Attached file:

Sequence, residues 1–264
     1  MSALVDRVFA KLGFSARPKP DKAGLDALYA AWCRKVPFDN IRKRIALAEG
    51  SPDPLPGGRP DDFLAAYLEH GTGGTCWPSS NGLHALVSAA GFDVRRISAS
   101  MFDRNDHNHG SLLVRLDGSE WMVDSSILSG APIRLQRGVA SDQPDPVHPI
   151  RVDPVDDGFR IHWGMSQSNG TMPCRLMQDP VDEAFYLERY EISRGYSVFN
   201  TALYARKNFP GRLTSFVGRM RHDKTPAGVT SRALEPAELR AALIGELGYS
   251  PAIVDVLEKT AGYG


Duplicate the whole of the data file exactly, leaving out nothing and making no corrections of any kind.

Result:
Sequence, residues 1–264
     1  MSALVDRVFA KLGFSARPKP DKAGLDALYA AWCRKVPFDN IRKRIALAEG
    51  SPDPLPGGRP DDFLAAYLEH GTGGTCWPSS NGLHALVSAA GFDVRRISAS
   101  MFDRNDHNHG SLLVRLDGSE WMVDSSILSG APIRLQRGVA SDQPDPVHPI
   151  RVDPVDDGFR IHWGMSQSNG TMPCRLMQDP VDEAFYLERY EISRGYSVFN
   201  TALYARKNFP GRLTSFVGRM RHDKTPAGVT SRALEPAELR AALIGELGYS
   251  PAIVDVLEKT AGYG